Any author who is driving their own PR campaign knows that often times marketing and media can be an uphill battle. Many times authors are pitching and promoting themselves with minimal results. It can be tedious and frustrating and sometimes lead them to make fatal PR mistakes that can cost them their campaign.
One of the first, and potentially most fatal, is thinking that one or two media appearances are going to wing your book into the bestseller spotlight. Media works when itís done consistently and often it takes months, and in some cases years, for you to reach your own "PR payoff." The most important part of a campaign is the authorís ability to stick with it. Most of the interviews you see nationally on shows like Good Morning America and Oprah, started with a regional buzz. Build your base (or buzz) in your own back yard first and then start getting your message out on a national level. And this leads us to our second PR mistake: ignoring regional or trade media. Sometimes when youíre promoting yourself itís easy to get caught up in going after the big fish, but donít ignore the smaller regional and niche publications, they can be a gold mine of PR and really help to get the buzz going.
Next on our list of fatal PR mistakes is the technique with which authors pitch themselves. First and foremost you want to make sure youíre pitching the right people, donít just go after a "producer," find the producer thatís right for the story. And be cautious of when you pitch, before you start calling the media, turn on your TV or radio and see if thereís a breaking news story. Thereís no quicker way to offend your media target then pitching them a story when theyíre scrambling to cover a plane crash or some other major disaster.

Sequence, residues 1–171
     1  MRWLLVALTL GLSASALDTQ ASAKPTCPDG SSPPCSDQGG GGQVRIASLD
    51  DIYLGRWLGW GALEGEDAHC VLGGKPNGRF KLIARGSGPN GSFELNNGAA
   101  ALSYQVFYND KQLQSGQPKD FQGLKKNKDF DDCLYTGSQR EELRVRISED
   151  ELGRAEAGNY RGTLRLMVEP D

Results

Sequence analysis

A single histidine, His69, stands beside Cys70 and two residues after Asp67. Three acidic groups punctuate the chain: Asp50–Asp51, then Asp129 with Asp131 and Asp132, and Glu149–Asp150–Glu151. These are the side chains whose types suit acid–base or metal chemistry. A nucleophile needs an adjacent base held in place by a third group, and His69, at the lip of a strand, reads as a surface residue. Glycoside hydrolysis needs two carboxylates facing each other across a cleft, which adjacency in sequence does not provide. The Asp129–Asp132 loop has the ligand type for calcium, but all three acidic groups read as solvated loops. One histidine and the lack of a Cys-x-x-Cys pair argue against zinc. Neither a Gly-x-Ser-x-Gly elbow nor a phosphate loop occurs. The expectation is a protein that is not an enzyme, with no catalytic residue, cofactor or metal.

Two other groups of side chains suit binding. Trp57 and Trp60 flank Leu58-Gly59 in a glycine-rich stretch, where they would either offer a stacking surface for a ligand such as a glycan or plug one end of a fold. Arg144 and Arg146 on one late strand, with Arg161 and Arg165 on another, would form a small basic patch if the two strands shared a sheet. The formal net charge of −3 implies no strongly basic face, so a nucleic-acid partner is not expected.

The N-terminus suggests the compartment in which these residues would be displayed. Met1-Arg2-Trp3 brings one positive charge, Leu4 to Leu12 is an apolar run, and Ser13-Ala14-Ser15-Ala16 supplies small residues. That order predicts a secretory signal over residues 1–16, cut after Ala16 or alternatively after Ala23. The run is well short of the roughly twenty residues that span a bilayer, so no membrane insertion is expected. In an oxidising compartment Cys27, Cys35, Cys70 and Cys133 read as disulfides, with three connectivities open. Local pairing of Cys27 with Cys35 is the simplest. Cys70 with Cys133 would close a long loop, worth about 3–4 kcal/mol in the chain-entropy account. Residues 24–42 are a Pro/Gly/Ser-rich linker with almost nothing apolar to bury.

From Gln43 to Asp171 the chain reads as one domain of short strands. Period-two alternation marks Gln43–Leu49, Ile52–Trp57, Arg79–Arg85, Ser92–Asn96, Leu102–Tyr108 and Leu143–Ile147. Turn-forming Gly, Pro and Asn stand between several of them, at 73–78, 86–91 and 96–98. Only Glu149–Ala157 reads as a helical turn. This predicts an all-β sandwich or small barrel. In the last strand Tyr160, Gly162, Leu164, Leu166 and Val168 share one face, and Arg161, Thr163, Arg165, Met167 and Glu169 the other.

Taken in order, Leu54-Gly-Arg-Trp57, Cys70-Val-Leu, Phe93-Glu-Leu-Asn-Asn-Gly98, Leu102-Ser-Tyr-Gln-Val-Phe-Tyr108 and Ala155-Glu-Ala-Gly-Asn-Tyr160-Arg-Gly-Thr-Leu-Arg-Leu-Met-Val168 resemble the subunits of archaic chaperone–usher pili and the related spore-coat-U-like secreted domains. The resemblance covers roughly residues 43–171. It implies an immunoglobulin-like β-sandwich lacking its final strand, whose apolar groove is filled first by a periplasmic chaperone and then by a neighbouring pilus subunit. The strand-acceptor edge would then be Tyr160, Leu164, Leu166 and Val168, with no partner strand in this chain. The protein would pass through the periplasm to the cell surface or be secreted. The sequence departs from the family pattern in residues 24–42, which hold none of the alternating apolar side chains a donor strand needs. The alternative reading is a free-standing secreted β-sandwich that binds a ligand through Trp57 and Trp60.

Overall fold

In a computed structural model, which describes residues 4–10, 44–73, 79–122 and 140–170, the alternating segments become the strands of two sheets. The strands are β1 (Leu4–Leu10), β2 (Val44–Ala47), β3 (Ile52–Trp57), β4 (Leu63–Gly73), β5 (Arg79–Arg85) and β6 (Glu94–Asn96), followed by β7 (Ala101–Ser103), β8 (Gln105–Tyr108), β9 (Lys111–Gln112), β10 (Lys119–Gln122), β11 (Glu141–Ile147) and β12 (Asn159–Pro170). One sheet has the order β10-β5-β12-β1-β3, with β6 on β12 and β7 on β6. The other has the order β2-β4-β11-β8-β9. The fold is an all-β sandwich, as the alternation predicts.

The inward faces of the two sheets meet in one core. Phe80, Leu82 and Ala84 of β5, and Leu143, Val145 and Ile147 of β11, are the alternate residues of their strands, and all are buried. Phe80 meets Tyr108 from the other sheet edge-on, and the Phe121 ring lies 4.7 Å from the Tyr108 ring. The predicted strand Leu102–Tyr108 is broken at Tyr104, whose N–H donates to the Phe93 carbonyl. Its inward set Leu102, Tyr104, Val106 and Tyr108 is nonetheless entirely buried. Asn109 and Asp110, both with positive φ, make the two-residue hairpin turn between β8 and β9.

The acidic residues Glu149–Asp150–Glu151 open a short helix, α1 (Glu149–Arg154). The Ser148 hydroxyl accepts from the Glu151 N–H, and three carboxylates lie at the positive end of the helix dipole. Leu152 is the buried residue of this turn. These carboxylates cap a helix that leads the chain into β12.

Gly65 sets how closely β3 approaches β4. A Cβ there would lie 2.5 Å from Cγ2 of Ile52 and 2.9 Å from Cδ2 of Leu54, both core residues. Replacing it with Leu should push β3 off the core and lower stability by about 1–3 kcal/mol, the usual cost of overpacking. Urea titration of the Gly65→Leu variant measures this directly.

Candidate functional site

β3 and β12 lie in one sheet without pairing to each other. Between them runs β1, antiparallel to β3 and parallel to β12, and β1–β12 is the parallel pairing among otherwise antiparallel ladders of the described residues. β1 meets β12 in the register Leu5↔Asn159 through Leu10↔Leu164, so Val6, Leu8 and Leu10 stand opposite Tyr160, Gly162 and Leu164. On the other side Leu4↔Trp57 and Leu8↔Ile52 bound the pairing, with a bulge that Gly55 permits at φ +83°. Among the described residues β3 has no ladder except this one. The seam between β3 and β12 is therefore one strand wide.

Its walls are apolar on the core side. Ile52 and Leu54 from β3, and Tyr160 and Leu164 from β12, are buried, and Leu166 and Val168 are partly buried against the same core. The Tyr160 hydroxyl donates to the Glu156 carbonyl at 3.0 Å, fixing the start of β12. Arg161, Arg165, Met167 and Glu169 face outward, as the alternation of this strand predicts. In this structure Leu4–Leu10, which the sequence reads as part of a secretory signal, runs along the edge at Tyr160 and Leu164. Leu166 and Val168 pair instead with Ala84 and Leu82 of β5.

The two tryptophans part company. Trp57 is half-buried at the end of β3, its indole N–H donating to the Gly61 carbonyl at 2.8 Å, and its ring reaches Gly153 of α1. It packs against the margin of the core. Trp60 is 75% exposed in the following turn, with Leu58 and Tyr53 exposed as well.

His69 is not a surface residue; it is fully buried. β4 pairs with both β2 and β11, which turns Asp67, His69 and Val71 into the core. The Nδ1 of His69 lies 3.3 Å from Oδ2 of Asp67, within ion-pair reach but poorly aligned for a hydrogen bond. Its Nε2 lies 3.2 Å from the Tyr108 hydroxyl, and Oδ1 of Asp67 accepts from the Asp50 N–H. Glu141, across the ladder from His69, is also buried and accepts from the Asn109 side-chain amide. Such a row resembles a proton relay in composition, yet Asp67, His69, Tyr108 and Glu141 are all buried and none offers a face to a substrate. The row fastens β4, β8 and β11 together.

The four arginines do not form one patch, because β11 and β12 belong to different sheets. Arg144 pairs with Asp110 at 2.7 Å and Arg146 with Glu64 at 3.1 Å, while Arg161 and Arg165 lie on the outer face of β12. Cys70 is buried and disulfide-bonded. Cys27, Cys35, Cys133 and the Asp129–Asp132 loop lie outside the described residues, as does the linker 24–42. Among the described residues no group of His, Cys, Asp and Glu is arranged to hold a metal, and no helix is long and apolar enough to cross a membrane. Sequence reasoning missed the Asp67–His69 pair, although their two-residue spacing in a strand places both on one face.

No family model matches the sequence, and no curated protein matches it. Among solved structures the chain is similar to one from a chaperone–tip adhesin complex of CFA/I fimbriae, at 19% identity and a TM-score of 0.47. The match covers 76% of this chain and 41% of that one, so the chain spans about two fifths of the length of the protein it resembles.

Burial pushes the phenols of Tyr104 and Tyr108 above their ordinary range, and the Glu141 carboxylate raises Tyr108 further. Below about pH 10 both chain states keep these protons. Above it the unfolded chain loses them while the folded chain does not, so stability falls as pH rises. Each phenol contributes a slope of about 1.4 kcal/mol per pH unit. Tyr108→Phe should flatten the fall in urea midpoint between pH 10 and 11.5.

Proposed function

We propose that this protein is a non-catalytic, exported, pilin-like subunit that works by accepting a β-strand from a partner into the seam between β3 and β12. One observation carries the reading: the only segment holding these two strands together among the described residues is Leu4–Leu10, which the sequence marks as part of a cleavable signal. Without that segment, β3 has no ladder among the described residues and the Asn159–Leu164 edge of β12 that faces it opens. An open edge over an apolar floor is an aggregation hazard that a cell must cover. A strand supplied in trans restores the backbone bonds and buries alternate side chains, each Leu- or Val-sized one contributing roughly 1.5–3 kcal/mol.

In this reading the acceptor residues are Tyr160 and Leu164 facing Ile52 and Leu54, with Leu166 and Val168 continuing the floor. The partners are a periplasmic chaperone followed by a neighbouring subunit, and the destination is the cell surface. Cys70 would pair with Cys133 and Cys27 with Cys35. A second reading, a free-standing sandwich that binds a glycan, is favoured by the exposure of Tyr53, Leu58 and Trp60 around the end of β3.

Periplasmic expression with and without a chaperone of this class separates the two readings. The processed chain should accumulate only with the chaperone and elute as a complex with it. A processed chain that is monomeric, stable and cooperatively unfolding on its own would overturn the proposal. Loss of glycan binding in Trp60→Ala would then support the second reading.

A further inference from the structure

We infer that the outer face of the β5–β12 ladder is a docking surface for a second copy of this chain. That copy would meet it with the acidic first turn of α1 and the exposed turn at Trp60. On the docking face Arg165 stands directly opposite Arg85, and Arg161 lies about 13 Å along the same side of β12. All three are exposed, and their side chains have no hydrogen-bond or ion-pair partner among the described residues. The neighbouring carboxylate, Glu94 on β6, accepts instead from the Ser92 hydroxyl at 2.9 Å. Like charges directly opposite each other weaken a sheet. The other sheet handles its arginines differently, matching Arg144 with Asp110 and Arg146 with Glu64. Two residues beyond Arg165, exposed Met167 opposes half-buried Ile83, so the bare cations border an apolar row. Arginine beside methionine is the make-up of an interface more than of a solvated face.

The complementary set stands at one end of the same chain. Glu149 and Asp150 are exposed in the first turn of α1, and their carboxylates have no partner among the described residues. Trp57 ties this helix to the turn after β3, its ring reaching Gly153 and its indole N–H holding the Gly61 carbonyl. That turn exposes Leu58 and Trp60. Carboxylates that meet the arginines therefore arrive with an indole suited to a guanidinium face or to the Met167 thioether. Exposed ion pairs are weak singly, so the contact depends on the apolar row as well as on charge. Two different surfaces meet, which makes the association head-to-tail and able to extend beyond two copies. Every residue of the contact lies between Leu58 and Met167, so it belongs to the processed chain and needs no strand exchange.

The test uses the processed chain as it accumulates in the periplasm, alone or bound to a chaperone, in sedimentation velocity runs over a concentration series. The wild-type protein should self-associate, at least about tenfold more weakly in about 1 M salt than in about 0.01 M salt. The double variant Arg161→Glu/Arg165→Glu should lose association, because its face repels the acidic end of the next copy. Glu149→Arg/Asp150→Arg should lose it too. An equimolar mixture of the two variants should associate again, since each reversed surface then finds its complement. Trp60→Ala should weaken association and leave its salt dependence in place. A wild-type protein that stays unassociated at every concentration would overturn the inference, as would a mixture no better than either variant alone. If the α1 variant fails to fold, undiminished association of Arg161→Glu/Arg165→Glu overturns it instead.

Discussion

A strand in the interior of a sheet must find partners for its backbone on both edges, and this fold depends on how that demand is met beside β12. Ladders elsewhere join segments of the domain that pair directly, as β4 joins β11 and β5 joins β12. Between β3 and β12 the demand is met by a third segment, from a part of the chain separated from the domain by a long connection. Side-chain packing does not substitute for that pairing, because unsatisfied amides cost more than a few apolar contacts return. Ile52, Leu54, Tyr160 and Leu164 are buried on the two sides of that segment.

As youíre navigating through your PR campaign youíll also want to make sure your pitches are focused and relevant. Itís much easier to get the attention of the media when youíre pitching them something thatís already on their radar screen. For example remember when youíre putting together your campaign to keep an eye out for seasonal or news spins to your topic. If, letís say, you are discussing the topic of depression, you might want to pitch it around a nationally designated "depression awareness day" or, perhaps, given all the buzz around college kids and depression, you might want to tackle this as a back-to-school issue. Targeted, focused pitches are the best way to get the media to notice you, so open that calendar or read your local newspaper to find out whatís hot and top of mind. Also, respect their time when youíre pitching. Get to the point, donít ramble and remember that this is not about you, itís about the benefits to their readers, viewers, or listeners and mo! st of all, never, ever, ever sell your book. You should always sell yourself and your expertise. Producers and editors will be looking for the WIIFM factor behind your pitch (whatís in it for me) not how they can showcase your book.
Finally thereís no quicker way to end your campaign than to over promise, stretching the truth, or not being reliable. If you miss an interview or over promise on a commitment one time, you can kiss any further media goodbye. Word travels fast in the industry and bad news travels even faster. Remember be patient, be persistent, and be professional and youíre bound to get the media you deserve and keep your campaign alive and well!
About the author:
Penny C. Sansevieri
The Cliffhanger was published in June of 2000. After a strategic marketing campaign it quickly climbed
the ranks at Amazon.com to the ##1 best selling book in San Diego. Her most recent book: From Book to Bestseller was released in 2005 to rave reviews and is being called the ďroadmap to publishing success.Ē Penny is a book marketing and media relations specialist. She also coaches authors on projects, manuscripts and marketing plans and instructs a variety of coursing on publishing and promotion. To learn more about her books or her promotional services, you can visit her web site at www.amarketingexpert.comTo subscribe to her free ezine, send a blank email to: mailto:email@example.com
Copyright „ 2005 Penny C. Sansevieri
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